Thynderbird sounds -
ignored_mailbox at yahoo.com.au
Fri Jul 9 11:34:25 UTC 2010
On Fri, 2010-07-09 at 05:40 -0400, Bob Goodwin wrote:
> Tim, this is one of the rare cases where you are wrong or perhaps
> don't understand what Thunderbird does? As it is now I have it set
> to "Play a sound" when an e-mail arrives
> [/usr/share/sounds/purple/alert.wav]. The result is a musical chord
> that plays several times an hour as e-mail is collected. Over the
> past eighty years I've developed selective hearing and usually don't
> even hear it unless I am waiting for a response to a "text message"
> or some such that may require immediate action on my part.
> I receive hundreds of messages each day, those sounds only occur one
> time when a slug of messages is received and are not repeated
> endlessly until the user kills them.
I think it's more a case you not realising what you're going to get. As
I said, I've done that sort of thing in the past, and I'm aware of what
Before you were talking about marking messages with filters. Filters
work on each messages as they come through, one by one. If piles of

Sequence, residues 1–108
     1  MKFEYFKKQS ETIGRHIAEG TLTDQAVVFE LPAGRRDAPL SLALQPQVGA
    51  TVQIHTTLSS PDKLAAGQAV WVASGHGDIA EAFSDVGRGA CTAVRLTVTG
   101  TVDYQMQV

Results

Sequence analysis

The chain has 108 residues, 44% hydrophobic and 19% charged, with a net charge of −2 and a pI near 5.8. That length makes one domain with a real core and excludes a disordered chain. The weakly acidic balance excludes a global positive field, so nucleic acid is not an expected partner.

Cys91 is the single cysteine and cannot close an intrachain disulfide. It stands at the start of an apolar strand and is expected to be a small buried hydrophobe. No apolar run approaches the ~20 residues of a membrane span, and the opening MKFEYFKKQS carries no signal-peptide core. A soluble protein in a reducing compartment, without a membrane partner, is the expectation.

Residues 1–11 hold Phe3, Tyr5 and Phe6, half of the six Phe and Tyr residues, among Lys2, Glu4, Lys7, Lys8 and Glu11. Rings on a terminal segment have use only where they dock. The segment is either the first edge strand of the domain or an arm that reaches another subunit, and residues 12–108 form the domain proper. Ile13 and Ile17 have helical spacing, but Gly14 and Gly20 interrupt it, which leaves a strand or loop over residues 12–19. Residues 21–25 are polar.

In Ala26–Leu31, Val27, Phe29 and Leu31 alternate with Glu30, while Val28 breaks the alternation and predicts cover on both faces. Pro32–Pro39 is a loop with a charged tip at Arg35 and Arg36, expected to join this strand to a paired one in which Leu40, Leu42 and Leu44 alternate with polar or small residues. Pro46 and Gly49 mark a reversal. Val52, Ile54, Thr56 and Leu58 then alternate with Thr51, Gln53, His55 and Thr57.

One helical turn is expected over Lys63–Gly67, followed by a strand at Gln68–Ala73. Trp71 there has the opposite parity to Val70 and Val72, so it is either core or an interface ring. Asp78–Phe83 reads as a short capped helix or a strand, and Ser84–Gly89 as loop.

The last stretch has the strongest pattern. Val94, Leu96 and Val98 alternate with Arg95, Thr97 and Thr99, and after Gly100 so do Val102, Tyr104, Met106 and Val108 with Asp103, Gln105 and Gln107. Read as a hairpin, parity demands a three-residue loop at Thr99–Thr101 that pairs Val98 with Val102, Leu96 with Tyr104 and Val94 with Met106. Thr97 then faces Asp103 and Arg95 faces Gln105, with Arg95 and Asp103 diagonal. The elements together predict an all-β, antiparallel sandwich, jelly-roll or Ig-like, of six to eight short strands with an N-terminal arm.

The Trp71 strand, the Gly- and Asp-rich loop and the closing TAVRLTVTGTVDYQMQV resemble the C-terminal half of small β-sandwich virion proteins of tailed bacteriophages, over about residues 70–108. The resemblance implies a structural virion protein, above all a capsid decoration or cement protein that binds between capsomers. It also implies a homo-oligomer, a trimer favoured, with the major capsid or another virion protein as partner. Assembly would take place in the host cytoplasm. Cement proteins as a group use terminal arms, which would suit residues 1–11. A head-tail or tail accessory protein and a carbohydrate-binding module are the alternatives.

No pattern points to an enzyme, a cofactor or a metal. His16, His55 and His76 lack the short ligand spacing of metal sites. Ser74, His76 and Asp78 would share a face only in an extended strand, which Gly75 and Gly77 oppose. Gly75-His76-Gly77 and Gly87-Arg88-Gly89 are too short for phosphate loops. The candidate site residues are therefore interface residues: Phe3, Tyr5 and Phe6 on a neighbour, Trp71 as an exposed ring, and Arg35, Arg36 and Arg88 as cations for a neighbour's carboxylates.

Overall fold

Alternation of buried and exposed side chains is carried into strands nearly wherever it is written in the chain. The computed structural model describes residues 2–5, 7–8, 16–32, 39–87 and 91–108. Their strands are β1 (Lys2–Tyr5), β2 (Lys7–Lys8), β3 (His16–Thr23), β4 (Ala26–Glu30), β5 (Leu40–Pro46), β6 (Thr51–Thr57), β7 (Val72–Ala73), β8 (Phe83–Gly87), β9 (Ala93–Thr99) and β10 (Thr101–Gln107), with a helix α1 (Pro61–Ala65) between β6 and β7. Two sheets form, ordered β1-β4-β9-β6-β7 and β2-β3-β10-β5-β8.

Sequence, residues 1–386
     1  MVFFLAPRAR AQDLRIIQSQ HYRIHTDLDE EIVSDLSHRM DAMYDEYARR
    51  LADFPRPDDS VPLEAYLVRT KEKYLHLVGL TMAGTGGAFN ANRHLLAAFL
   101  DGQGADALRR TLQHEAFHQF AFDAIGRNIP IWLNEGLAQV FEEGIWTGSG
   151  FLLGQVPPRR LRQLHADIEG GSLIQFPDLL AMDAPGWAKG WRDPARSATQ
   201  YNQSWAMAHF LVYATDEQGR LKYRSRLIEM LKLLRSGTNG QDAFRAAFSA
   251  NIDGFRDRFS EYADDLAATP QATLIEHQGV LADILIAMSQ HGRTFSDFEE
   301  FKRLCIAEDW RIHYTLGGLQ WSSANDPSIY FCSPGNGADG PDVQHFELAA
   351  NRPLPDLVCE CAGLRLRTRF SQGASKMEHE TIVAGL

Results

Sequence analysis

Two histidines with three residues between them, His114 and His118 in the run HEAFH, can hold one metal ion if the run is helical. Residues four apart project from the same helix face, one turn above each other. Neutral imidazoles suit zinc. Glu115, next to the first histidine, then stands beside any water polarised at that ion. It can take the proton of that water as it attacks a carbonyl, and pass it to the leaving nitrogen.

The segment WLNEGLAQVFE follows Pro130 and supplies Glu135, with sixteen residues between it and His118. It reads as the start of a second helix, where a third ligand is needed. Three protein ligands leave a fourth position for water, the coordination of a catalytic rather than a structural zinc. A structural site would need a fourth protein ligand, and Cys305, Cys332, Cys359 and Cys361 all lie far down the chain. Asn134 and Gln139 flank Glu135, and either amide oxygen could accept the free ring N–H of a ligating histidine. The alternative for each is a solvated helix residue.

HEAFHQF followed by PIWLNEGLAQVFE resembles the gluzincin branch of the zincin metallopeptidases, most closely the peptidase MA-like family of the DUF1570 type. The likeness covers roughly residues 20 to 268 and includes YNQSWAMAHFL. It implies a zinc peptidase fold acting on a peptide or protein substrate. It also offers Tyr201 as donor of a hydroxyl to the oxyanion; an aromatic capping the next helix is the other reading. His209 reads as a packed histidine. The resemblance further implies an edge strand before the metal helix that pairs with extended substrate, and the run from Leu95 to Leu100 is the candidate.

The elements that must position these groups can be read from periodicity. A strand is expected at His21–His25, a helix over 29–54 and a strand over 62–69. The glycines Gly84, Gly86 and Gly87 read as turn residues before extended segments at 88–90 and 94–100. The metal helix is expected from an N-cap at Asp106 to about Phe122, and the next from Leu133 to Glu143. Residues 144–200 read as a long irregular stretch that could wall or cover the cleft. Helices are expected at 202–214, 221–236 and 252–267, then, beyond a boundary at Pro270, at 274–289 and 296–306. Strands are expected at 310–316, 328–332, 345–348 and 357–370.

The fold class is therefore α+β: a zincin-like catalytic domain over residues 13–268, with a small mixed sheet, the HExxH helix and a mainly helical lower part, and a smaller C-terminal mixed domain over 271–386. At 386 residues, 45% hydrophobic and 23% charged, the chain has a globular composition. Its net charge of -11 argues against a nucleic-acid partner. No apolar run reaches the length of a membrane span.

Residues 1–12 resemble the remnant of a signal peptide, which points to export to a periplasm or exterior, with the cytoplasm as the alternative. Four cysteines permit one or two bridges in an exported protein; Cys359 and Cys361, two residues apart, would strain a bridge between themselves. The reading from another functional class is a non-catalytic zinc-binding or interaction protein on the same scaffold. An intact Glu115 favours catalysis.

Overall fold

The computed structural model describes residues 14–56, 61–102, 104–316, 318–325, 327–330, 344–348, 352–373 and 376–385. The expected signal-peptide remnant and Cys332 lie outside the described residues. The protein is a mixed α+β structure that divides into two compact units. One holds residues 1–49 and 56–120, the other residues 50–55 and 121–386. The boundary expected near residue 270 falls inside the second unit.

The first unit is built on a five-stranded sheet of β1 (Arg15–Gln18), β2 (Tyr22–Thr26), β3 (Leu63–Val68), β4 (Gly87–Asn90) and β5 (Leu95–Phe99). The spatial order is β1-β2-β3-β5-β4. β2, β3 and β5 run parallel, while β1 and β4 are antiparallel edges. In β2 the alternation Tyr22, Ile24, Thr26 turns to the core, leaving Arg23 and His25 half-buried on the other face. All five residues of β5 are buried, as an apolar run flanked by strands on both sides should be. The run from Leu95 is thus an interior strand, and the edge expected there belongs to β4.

messages were marked, piles of sounds would play. Twelve messages
match, twelve dings get played. One hundred messages get hit by the
filter, one hundred dings.
And that was what I was getting at with the going off like a jackpot
bell. If you queue up a hundred sound effects, they play one after
another, until each sample finishes playing. That can last a long time,
depending on your sample, and the number of times it was triggered. Not
a case of a bell ringing until manually silenced.
All I've seen in Thunderbird is an option to play a sound at the end of
a run, with no options to affect it depending on what mail went through
(perhaps you should try a more attention-getting sound sample). Or
filtering options for sorting/highlighting. Unlike some other programs,
it didn't have a way to run external programs. Even if it did, you'd
still need to overcome the problem I mention.
Let me demonstrate, in a different way: Mail comes in, one message is
filtered, play sound, one message isn't filtered, another message is
filtered, play sound, another message is filtered, play sound, another
message is filtered, play sound. etc., etc., etc.
Every time you see "play sound," above, it plays a sound.
To simply call something to play a sound, would mean multiple triggers.
You'd need to have some sort of one-shot routine which would only play
one side when a pile of triggers came in, within a certain time frame,
rather than playing a sound for each trigger.
Given the lack of options with Thunderbird, I think you'd either need to
try another client. Watch a folder, directly, to do an alert when the
contents change (a file function, nothing to do with email). Or run a
separate email watchdog program.
[tim at localhost ~]$ uname -r
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